Fyape pängkxo fko teri lì’fya leNa’vi . . . nìNa’vi? Tse . . . nì’awve fkol kin aylì’ut azey.
To talk about Na’vi in Na’vi, we need some specialized vocabulary. We already have a start. The following terms have long been in the dictionary:
Here are some more terms to facilitate grammatical discussion. A big irayo to our Pìlumsì alu Stefan for his creative and apt suggestions along these lines. Txampxì faylì’uä ftu eltu peyä zola’u.
lì’ukìng (n., LÌ’.u.kìng) ‘sentence’
This clearly derives from lì’u + kìng ‘thread.’ We have a similar notion in English: a string of words.
lì’ukìngvi (n., LÌ’.u.kìng.vi) ‘phrase’
“Phrase” is tricky to define precisely without talking about linguistic trees and constituent structure, but we don’t have to get into those technicalities. The basic idea is that of consecutive words that “hang together” as a unit. So, for example, take the sentence:
Oeyä ’eylanìl alu Va’ru lora fkxilet amip tolìng sneyä ’iteru.
‘My friend Va’ru gave his daughter a beautiful new necklace.’
Some of the lì’ukìngvi in this sentence are:
- oeyä ’eylanìl alu Va’ru
- lora fkxilet amip
- lora fkxilet amip tolìng sneyä ’iteru
- sneyä ’iteru
These, however, are not lì’ukìngvi:
- ’eylanìl alu
- amip tolìng sneyä
- Va’ru lora fkxilet
lì’kong (n., LÌ’.kong) ‘syllable’
“Syllable” is another term that’s tricky to define technically, but the basic idea is clear: a sequence of consonants and vowels that make up a rhythmic “beat” in a word. For example, if you were singing the English word “absolutely” or the Na’vi word fìhawre’ti, in each case you could put the word on four different notes corresponding to the four syllables in each one. The term lì’kong comes from lì’u + ’ekong ‘rhythmic beat.’ (Why not *lìu’kong, you may ask? So that there’s a greater distinction between the words for sentence and syllable. We have precedent for dropping the u of lì’u in compounds—lì’fya, for example.)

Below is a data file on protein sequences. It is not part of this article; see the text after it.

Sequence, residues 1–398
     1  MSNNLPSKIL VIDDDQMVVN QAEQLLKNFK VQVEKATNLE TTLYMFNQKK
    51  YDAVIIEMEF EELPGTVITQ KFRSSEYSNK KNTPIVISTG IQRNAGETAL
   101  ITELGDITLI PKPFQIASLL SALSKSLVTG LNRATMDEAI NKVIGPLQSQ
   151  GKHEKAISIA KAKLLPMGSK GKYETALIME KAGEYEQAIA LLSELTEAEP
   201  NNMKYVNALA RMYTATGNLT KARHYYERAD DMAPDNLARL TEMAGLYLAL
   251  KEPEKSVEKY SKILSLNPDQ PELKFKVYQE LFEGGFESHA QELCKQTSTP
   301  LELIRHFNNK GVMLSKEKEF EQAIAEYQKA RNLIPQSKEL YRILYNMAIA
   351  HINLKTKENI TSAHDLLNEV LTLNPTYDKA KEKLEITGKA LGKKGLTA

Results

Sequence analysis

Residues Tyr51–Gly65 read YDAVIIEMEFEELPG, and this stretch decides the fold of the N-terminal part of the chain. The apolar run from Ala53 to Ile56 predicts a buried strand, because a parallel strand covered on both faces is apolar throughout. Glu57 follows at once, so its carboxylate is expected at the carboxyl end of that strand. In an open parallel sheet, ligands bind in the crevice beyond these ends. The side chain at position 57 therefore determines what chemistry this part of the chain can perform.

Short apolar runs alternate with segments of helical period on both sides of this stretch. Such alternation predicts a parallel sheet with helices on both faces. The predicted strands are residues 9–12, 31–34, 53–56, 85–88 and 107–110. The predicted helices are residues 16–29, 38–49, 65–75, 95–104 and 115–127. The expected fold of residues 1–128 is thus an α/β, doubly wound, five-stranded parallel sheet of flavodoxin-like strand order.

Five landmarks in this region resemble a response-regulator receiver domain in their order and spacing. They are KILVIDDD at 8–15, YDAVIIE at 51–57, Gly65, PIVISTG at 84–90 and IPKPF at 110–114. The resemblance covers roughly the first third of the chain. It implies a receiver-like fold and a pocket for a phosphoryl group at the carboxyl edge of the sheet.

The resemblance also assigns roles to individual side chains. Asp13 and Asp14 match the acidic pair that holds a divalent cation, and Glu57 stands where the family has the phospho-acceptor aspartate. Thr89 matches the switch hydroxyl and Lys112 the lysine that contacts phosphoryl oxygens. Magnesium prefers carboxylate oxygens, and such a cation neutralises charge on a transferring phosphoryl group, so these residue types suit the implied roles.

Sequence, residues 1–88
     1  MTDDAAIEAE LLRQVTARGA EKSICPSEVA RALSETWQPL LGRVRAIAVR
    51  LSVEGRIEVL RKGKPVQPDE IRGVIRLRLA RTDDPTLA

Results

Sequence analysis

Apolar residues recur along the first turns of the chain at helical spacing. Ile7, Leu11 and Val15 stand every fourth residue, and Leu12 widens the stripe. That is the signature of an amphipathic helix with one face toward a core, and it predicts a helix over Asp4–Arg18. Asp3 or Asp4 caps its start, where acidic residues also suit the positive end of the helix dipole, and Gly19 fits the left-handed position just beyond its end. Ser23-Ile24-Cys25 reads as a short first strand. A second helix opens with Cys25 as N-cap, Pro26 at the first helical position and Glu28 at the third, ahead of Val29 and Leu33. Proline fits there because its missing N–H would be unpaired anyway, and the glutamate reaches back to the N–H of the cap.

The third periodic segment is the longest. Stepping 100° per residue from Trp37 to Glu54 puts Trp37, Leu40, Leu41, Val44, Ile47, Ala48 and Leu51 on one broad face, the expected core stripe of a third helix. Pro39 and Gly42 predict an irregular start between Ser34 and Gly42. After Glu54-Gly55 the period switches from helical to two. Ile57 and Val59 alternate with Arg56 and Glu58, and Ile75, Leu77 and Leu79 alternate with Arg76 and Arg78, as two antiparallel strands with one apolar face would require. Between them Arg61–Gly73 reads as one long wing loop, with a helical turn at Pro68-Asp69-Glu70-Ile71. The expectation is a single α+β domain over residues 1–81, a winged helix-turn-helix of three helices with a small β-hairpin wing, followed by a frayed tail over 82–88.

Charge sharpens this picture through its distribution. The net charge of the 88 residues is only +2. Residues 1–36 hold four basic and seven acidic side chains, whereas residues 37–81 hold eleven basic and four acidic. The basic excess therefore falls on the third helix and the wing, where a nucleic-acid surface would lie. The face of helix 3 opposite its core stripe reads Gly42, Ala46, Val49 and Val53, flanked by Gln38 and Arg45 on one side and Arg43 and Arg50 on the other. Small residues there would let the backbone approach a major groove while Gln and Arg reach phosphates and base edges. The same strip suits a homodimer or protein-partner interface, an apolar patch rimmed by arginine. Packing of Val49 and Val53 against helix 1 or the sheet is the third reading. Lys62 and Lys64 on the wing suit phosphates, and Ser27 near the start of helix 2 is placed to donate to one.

Lu tsalì’ur alu fìhawre’ti tsìnga lì’kong.
‘The word fìhawre’ti has four syllables.’
lì’uvi (n., LÌ’.u.vi) ‘affix’
An affix is a prefix, suffix, or infix.
eolì’uvi (n., E.o.lì’.u.vi) ‘prefix’ (that is, an affix that comes in front)
uolì’uvi (n., U.o.lì’.u.vi) ‘suffix’ (that is, an affix that comes behind)
Lu tsalì’ur alu fìhawre’ti melì’uvi alu ’awa eolì’uvi sì ’awa uolì’uvi.
‘The word fìhawre’ti has two affixes—one prefix and one suffix.’
syonlì’u (n., SYON.lì.u) ‘adjective’
Syon, as you recall, means ‘feature, trait, characteristic.’
fyalì’u (n., FYA.lì.u) ‘adverb’
Adverbs tell you how something is done. (Well, at least that’s true for “manner adverbials.” Some adverbs serve to explain how speakers feel about what they’re saying, as in “Sadly, I don’t think he’s going to succeed.”) There shouldn’t be any confusion between fyalì’u and lì’fya.
starlì’u (n., STAR.lì’u) ‘adposition’
This compound is a shortening of sätare ‘connection, relationship’ + lì’u. Na’vi adpositions (hu, ta, eo, sìn, sre, tafkip . . .) are “relationship words.” (Stefan pointed out the similar term in German, „Verhältniswort“, lit. ‘relation word.’)
Consider these examples:
- hu Eywa
In A, hu is a starlì’u but not a lì’uvi or an eolì’u.
In B, hu is a starlì’u, a lì’uvi, and an uolì’uvi.
tilì’u (n., TI.lì.u) ‘conjunction’
The elements here are til ‘joint, hinge’ + lì’u. A conjunction (sì, fu, slä, txo, tengkrr, . . .) is a kind of hinge or joint that links two things of the same sort.
IMPORTANT NOTE: I hope these terms will be useful to those of us who enjoy grammatical discussions. But please don’t get the idea that in order to speak and write Na’vi well you need to know and understand them! Many excellent English speakers and writers—probably most!—would not be able to tell you what a subordinate conjunction is, or an infinitive, or a gerund, or any other technical grammatical term—but they nevertheless use the language beautifully. The equivalent is true for any language.